By and large, we in the U.S. are proud of our country and are happy to share our bounteous blessings and dreams with people from other lands. After all, we are a nation of immigrants and owe a good portion of our exceptionalism to the best and brightest and decent and hardworking people who have immigrated here.
Our challenge, then, isn't with reasonable immigration policies or the millions of people who have legally flocking to our shores over the years. Rather, it is with the millions of people who have, perhaps unintentionally, disrespected our generosity, flaunted our laws, put undue burden on our economy, and in some ways placed our nation at risk.
Nearly 5% of the U.S. population has resided here illegally. Because of the economic and political strain this puts on our country, it is expected that each election cycle would be devoted, in part, to debating and solving this growing problem, the last five or so years being no exception.
And, while the down economy for the last half decade has made it somewhat less attractive for illegals to come here, and may have even encourage some to leave, nevertheless there are non-immigration policies currently under consideration by liberals that could inadvertently reverse this emigration trend while still making the economy worse.
As a general rule, labor tends to follow capital--meaning, that employees will likely migrate to where they have the ability and potential to make the most money. For example, the minimum wage in Mexico is $.61 hr. (in U.S. dollars), and the minimum wage in the U.S. is currently $7.25. (See HERE) Economically, this creates an enormous incentive for employees in Mexico to migrate to the U.S., even given the down economy and 18% unemployment rate among unskilled workers (see HERE).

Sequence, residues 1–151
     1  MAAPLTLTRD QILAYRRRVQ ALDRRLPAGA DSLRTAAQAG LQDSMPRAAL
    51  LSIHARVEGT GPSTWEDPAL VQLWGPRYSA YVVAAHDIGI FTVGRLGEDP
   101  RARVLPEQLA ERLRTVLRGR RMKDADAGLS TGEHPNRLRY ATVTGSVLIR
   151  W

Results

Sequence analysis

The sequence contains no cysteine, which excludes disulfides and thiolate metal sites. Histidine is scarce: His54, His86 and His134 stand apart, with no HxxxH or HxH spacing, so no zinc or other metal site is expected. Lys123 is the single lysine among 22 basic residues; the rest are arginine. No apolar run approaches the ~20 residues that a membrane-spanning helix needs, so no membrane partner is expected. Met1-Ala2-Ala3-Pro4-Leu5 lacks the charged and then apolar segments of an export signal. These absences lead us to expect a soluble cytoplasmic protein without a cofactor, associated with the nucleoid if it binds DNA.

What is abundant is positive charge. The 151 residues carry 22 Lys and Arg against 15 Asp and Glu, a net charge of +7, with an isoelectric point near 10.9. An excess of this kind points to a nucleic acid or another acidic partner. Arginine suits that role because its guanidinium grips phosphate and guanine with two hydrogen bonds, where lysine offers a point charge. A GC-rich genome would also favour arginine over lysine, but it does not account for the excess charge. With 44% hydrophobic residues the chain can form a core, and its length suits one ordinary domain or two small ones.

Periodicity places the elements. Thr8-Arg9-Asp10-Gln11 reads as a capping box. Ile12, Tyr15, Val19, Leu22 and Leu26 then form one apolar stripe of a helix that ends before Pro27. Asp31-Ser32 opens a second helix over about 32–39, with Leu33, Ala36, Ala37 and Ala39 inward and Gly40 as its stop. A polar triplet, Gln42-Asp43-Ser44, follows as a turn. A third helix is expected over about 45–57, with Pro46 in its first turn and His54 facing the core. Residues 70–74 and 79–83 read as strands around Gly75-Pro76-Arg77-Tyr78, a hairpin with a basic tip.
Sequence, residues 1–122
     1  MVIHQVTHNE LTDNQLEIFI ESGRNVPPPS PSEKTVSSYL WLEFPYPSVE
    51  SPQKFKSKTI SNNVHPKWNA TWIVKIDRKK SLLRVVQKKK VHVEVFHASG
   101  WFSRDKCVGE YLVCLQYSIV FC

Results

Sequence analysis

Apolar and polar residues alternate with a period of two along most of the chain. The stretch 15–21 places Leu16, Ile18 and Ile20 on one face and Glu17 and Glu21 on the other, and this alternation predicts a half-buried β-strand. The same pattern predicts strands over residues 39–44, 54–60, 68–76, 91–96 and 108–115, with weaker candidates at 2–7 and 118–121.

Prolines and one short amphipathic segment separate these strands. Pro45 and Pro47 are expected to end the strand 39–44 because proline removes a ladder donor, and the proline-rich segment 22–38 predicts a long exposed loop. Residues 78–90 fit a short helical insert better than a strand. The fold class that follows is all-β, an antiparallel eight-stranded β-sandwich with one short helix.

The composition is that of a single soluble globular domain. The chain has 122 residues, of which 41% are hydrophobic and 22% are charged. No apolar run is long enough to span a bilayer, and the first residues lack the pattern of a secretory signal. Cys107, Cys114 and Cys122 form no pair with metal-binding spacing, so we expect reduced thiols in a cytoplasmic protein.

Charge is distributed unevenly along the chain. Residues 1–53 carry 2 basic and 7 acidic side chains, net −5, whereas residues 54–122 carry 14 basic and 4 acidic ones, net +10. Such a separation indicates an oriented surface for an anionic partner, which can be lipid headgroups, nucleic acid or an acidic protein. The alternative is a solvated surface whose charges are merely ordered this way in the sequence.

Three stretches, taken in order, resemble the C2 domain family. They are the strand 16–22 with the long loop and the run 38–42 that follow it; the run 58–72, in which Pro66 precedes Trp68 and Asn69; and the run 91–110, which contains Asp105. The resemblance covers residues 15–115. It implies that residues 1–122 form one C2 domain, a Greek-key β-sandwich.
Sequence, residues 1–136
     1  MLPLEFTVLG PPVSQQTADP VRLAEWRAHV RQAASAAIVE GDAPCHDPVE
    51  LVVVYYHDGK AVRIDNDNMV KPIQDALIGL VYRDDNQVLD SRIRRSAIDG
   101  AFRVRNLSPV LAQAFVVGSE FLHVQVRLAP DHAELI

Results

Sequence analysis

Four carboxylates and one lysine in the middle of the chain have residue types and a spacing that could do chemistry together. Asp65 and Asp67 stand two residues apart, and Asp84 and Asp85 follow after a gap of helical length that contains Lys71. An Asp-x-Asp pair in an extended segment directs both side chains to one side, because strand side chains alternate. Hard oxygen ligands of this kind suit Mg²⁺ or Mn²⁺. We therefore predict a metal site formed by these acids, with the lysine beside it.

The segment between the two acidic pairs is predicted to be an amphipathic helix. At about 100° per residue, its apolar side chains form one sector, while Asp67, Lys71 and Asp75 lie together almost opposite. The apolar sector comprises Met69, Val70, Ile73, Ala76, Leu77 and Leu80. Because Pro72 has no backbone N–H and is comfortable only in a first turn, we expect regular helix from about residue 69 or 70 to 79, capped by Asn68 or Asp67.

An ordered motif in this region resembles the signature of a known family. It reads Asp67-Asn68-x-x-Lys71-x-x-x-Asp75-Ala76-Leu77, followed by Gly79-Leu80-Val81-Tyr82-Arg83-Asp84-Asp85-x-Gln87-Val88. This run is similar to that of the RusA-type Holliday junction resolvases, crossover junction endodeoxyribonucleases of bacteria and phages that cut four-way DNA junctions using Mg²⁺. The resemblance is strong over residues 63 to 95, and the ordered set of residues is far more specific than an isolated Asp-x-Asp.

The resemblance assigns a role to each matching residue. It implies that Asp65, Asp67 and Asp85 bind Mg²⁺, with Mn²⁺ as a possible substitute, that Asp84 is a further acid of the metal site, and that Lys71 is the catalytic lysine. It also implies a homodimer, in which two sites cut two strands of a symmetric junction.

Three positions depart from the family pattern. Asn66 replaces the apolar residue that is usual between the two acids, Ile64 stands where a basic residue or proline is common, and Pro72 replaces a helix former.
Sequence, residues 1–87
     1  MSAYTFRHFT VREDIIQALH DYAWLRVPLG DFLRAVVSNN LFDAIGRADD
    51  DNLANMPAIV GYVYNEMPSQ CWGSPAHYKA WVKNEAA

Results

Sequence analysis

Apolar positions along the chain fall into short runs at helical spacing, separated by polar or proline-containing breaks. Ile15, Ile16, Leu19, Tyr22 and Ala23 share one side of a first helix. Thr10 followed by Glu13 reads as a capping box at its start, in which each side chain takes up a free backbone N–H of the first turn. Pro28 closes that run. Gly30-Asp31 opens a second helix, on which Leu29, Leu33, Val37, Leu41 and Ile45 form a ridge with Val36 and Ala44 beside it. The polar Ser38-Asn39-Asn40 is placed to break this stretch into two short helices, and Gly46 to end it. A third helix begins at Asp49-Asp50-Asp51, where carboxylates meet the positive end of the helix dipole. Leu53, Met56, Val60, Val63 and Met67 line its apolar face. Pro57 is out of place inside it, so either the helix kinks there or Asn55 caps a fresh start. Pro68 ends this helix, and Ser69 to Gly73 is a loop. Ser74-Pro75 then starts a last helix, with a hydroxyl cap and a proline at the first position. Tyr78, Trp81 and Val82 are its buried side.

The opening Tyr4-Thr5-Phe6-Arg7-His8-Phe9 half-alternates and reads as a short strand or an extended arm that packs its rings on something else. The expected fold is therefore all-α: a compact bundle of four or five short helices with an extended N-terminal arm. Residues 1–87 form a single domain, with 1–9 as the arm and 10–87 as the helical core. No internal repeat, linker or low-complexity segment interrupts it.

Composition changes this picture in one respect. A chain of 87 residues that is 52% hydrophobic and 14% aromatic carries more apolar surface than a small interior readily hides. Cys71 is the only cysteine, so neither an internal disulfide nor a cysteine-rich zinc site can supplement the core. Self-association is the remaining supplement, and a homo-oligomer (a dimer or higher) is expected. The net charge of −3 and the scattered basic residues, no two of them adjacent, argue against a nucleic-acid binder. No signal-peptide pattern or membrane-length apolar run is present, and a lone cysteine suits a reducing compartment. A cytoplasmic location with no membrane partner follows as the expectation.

In principle, the same holds true for laborers in other third-world or emerging countries.
Statistical evidence supports this claim: "Going back to 2009, when President Obama took office, [which is the last year that the minimum wage was increased--see HERE] Rubenstein’s found
that foreign-born employment increased by 1.65 million workers or 7.6
percent while during the same period native-born employment rose only by
26,000 or 0.02 percent. (See HERE)
With this in mind, it doesn't take a rocket scientist to figure out what may well happen if the liberals get their way and raise the minimum wage to $10 or $15 an hour.
Granted, some liberals have argued that the jobs taken by illegals and other immigrants are jobs that Americans don't want and wont do. So, what's the problem? However, leaders in the African-American community disagree, and contend that jobs are being taken away from poor citizens, particularly within the inner cities. (See HERE and HERE)
Either way, immigration (legal and otherwise) causes unemployment (see HERE), which is all we need when joblessness in the U.S. is still a major concern, and even more so among minimum wage workers. (See HERE)
The unintended consequence here, then, is that as liberals make a pretense of resolving illegal immigration on the one hand, they may unwittingly exacerbate the immigration and economic problems on the other hand by raising the minimum wage.
For an explanation as to why these Leftist LUNCs may occur, please see: Gov: Wrong Tool for the Right Job - Introduction and Cold Nanny as well as The Politics of Compassion, Emotions, Ignorance, Denial, Blame-Shifting, and Victimization